In SEM examinations, a finely focused electron beam scans samples line by line, similar to the image formation in old tube TV sets. Interaction of the electron beam with the sample produces various signals that can be recorded by detectors and converted into an image. This allows details much smaller than 1 micrometer to be displayed. For comparison, cling film, such as that used in households, has a thickness of approximately 10 micrometers. “SEM examinations allow us to analyze the material structure of plastic samples or, for example, to characterize aging and failure behavior,” explains Dr. Florian Bittner, head of materials testing at IKK.
Improved material and recycling concepts
This enables the team to precisely analyze the structure of complex material composites, such as those used in the packaging sector, in order to develop new recycling strategies. Currently, these materials are difficult to recycle. Therefore, they usually end up in the batch of energy recovery in sorting plants and are incinerated after one-time use.
The new analytical scanning electron microscope (SEM) is complemented by a cryo-argon ion polishing system for sample preparation. This uses an argon ion beam to create a cross section in the sample materials to expose and evaluate the internal structure. Compared to other methods, this is very gentle on the material and is therefore of great advantage, especially for plastics. For example, it can be used to examine partially biodegraded plastic samples in order to follow the processes of material degradation inside the sample. Understanding these degradation processes is especially important when dealing with materials that inevitably remain on land and in the sea in parts or as a whole, such as agricultural films or fishing nets. “The more we know about the degradation behavior of these products, the better we will be able to develop alternatives that have less negative impact on the environment as they remain there,” Bittner is certain.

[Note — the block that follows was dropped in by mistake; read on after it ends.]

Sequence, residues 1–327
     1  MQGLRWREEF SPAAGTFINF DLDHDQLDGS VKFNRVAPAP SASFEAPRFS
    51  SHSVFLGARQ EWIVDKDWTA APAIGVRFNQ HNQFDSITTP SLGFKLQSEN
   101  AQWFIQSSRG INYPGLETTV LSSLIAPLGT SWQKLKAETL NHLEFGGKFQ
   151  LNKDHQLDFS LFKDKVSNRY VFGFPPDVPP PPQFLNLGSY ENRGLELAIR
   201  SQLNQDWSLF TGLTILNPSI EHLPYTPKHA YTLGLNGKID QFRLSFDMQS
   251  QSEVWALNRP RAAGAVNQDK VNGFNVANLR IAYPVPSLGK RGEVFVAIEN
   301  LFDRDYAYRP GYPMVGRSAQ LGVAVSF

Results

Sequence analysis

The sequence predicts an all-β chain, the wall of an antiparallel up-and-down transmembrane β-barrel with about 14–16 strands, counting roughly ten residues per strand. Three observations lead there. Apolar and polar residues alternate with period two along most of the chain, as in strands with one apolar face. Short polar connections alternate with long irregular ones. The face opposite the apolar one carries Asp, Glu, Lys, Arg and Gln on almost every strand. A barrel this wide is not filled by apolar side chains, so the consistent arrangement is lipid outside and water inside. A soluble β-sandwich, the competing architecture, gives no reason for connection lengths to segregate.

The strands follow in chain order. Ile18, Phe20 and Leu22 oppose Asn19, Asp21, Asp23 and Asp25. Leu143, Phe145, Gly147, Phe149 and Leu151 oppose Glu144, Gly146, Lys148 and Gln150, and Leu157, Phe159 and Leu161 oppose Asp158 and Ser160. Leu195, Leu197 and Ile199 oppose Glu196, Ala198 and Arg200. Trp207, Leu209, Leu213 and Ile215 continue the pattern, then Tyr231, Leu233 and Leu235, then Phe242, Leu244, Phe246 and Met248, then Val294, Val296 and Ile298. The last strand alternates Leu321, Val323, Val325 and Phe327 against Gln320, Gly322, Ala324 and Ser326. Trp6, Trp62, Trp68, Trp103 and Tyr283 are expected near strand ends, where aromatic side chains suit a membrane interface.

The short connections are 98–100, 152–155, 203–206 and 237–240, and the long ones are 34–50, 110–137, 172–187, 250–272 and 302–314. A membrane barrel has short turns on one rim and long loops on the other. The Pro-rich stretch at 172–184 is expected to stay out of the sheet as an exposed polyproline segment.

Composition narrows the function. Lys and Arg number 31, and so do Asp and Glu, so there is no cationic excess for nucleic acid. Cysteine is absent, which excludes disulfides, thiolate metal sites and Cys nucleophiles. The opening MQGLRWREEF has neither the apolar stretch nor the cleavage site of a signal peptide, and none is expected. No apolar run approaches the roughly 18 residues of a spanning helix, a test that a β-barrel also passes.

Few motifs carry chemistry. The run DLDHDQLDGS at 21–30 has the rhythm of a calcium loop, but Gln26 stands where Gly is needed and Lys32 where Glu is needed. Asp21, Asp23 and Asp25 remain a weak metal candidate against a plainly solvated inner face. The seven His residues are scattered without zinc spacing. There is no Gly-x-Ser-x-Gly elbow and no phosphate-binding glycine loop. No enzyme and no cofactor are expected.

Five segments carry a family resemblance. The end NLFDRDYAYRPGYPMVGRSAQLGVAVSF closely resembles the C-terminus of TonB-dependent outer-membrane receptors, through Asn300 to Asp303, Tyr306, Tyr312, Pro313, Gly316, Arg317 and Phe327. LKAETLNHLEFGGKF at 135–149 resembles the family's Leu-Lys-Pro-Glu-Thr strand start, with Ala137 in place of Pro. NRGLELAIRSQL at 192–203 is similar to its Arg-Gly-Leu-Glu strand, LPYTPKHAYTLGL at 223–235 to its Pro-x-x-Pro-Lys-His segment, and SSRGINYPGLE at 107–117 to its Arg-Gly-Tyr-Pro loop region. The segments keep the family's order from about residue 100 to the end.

The structure and composition of material composites such as multilayer films or mixed textiles can also be studied in detail in this way, thus providing crucial knowledge for new recycling approaches.
The “cryo” in the name of the SEM, which refers to the extremely low processing temperatures, is currently less relevant for the research activities at IKK – but all the more so for the Institut für Mehrphasenprozesse (IMP), with which it is jointly operated. There it is used, among other things, in the research field of cryogenics.
Laboratory equipment for sample preparation
The laboratory is also equipped with a microtome, a type of cutting device that separates thin layers of samples for investigations. A precision cut-off machine can be used to cut smaller samples from voluminous ones. A sputter coater is used to coat samples with very thin layers of metal, for example gold. This makes the samples electrically conductive, which facilitates imaging in the SEM. This is particularly relevant for plastic samples, as these are usually non-conductive.
The new equipment will enable the IKK in the future to analyze the microstructure of the polymer materials considered in the various projects, in order to better understand interactions and to incorporate them into material development.